The Banksia pergola has also been a great success and the Banksia rose is well and truly recovering from its drastic prune last year and is already providing a measure of shade to the outdoor eating area. The May bush and buddleias have also responded very well to their Winter pruning. The rose cuttings from our old garden in Armidale have taken well and will be planted out next Winter.The herb pots have been wonderful and we have enjoyed their use in cooking, as well as for pesto and mint jelly.The acanthus provide a dramatic low maintenance cover against the house and I love the peaceful corner under the maple tree with the statue, violets and wind flowers. The Blue-tongue lizard enjoys the sunny sheltered corner provided by the geranium pots. The mosaic stepping stones look great, as if they have always been there and probably always will!!!Front Terrace :
The climbing roses against the front of the house have grown and flowered well, but urgently need their training wires. The native bed in the tank was not successful- I think that there was too much straight sand. The crowea died and the other plants have failed to thrive, so we will transplant them to the native area and maybe turn the old septic tank into a shallow pond with a protective grid cover. The fine bamboo looks beautiful, but the large bamboo suffered last Winter and will need chopping back and rejuvenating. The agapanthus bank recovered well after the severe Winter frosts and has provided another magnificent low-maintenance Summer display. We will definitely be looking after the cliveas this year, now that we know where they are! And the hydrangeas are as big as ever and obviously loved their heavy pruning last Winter. The bergenia edging on the path has worked well.Fernery :
Not as successful as we would have liked. We suspect that area still gets too much sun, especially damaging on those 40 degree days! So we plan to move the fernery onto a shadier area close by, under the loquat trees. Eventually, we hope to have a large rainwater tank in this corner. We will also have to protect the new Wheel of Fire and NSW Christmas bush from the early Winter frosts.
Old Shed :
Most of the old-fashioned roses planted so far have grown and flowered well, though some are a little slower. This Winter, we plan to plant out the remaining gaps with the rose cuttings struck last Winter. The tree dahlias will need heavy mulching as well to protect them from the frost, but even though they are so seemingly fragile and succumb so easily, their dramatic displays make them worth keeping and they do keep coming back every year, so they are not that much effort!I would love to plant Albertine against a rose trellis the length of the shed back wall, where it will look stunning each year. We also want to construct an entrance arch for 2 yellow Noisettes next to the cumquats. And I still hope to find my Golden Hornet crabapple, which I will plant in line and next to the Gorgeous variety, which we were mistakenly sold! Ross has found the stink bugs on the cumquat trees a bit of a challenge, so will spray the trees with Eco-Oil this Winter and investigate a pyrethrum spray for next Summer. We will also have to research organic controls of the 28 spotted potato ladybird larvae, cabbage moth and grasshoppers.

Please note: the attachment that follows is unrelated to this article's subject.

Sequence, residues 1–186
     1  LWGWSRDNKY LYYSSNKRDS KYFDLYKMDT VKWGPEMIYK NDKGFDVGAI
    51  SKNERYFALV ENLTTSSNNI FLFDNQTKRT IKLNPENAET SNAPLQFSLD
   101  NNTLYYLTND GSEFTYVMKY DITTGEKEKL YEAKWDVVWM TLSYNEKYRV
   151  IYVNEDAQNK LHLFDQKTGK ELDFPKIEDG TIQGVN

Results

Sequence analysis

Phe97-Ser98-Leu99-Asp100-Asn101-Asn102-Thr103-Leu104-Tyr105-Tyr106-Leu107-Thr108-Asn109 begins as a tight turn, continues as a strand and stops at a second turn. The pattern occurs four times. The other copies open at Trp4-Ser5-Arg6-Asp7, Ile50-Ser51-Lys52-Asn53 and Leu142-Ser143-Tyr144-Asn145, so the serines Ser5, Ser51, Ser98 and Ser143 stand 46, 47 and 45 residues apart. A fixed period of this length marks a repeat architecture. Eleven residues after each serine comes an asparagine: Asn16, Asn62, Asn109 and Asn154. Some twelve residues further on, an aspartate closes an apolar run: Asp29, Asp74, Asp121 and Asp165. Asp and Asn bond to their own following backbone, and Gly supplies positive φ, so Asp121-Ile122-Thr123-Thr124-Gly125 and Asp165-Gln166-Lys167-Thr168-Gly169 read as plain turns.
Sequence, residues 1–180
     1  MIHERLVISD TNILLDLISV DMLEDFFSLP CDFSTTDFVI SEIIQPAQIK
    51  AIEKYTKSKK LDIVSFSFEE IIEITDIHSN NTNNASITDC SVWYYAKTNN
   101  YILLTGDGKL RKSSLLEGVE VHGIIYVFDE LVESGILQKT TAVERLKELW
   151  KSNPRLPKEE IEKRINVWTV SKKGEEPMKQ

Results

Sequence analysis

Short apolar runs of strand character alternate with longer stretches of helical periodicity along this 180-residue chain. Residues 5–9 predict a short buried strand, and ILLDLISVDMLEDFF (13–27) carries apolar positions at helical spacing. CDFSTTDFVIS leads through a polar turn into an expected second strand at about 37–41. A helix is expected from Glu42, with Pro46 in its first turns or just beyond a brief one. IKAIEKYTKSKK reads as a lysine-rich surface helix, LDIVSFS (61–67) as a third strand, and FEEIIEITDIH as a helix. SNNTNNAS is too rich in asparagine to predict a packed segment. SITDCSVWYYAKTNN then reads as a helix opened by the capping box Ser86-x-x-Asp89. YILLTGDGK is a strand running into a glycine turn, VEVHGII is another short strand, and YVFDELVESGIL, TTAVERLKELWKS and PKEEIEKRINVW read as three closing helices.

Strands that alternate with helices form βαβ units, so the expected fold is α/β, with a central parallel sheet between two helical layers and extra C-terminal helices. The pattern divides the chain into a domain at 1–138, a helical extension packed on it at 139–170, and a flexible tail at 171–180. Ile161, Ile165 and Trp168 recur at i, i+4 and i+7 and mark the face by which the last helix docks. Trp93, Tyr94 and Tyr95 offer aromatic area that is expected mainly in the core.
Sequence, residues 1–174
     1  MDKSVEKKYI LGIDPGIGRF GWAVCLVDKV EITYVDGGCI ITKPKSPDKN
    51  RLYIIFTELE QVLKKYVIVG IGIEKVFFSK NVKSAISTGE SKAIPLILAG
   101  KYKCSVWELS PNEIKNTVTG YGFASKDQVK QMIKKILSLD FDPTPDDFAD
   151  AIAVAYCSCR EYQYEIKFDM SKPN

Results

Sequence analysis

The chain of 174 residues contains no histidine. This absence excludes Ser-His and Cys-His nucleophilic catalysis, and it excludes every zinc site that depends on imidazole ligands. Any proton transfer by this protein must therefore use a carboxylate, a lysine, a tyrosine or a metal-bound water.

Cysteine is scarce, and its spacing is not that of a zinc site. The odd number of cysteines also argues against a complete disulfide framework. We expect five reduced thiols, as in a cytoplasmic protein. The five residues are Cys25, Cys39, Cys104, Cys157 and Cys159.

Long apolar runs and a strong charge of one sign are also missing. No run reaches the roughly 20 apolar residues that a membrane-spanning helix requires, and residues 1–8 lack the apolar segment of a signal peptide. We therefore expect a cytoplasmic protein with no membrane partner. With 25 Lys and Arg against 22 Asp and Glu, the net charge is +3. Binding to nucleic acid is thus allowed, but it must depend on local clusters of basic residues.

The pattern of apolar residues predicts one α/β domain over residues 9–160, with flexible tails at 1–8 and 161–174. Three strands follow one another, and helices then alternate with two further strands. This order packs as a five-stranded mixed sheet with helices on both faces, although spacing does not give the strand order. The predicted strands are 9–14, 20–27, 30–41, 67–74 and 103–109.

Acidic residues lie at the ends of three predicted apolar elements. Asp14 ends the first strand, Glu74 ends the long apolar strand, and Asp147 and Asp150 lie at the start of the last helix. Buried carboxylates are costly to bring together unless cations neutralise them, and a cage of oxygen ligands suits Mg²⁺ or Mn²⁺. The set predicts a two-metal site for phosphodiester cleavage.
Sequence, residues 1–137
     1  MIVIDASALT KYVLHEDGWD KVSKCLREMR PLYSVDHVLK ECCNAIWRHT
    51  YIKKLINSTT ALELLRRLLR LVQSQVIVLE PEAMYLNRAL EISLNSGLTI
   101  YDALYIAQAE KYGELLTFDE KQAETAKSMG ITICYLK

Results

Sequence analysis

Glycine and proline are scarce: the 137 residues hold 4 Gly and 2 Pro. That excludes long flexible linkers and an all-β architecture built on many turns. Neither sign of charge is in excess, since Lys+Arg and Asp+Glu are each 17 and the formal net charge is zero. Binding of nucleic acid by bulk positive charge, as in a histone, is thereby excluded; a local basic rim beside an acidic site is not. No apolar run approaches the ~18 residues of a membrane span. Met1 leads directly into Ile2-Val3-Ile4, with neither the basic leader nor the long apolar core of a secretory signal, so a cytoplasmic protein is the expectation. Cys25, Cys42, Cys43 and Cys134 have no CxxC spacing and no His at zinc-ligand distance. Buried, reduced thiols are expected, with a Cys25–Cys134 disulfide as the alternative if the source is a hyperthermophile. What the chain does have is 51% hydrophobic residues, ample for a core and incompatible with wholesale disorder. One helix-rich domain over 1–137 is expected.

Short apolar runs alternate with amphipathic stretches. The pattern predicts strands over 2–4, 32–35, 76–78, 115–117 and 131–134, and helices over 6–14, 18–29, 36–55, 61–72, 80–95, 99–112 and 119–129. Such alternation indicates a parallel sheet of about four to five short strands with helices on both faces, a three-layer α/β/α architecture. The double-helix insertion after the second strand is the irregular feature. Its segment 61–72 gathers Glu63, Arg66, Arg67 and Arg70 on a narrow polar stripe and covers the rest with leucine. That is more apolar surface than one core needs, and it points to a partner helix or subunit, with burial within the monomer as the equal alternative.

While I have been writing this review, I have also been writing a separate list of all the garden tasks, which need to be done and it’s a long one!!! But that is what is so great about having our own garden again. It’s an endless source of things to do, as well as inspiration, pleasure and enjoyment, and we love it! Finally, the promised description of our first monthly feature plant!
Agapanthus (also known as African Lily, Lily-of-the-Nile)
Nothing spells Summer as much as a cool sea of blue agapanthus, with the odd white one thrown in!
It is the only genus in the subfamily Agapanthoideae in the Flowering Plant family Amaryllidaceae, which is the major group in the Angiosperms and has 79 genera. Agapanthus are herbaceous and mainly perennial and bulbous flowering plants in the Monocot order Asparagales and include : Alliums, Cliveas, Crinum, Galanthus and Leucojum, Narcissi, Hemerocallis, Hippeastrums, Nerines and Zephyranthus.Their name comes from the Greek : αγάπη (agape) = love, άνθος (anthos) = flower.They are native to Southern Africa, but are now naturalized throughout the world.There are six species (though some sources say 10) : A. africanus, A. campanulatus, A. caulescens, A. coddii, A. inapertus and A. Praecox. There are also many cultivars and hybrids of A. Africanus and A. praecox. The most commonly seen species is Agapanthus praecox subspecies orientalis.
They can be very invasive. In New Zealand, A.praecox is classed as an environmental weed. Agapanthus is also considered to be a weed in some parts of Victoria. Therefore, it is best to remove their spent flower heads to prevent seed formation, especially if you are close to native bushland. Better still, plant sterile varieties like ‘Black Pantha’, which don’t set seed.
The perennial Agapanthus grows from an underground rhizome each year. Agapanthus species and cultivars have long, strap-like, fleshy leaves that form dense clumps of evergreen or deciduous foliage. In Summer (November – January), tall stems (up to 1m tall) tower over the foliage bearing large rounded umbels of bell-shaped or tubular flowers, in shades of blue to purple or white. Bold and architectural, their flowering stalks are also simple and elegant. Dwarf and miniature varieties up to 45cm tall also exist.Flowers are sensitive to ethylene gas, so vases should be kept away from ripening fruit. It can last up to 2 weeks in a vase. It means ‘Love Letter’ in the Language of Flowers.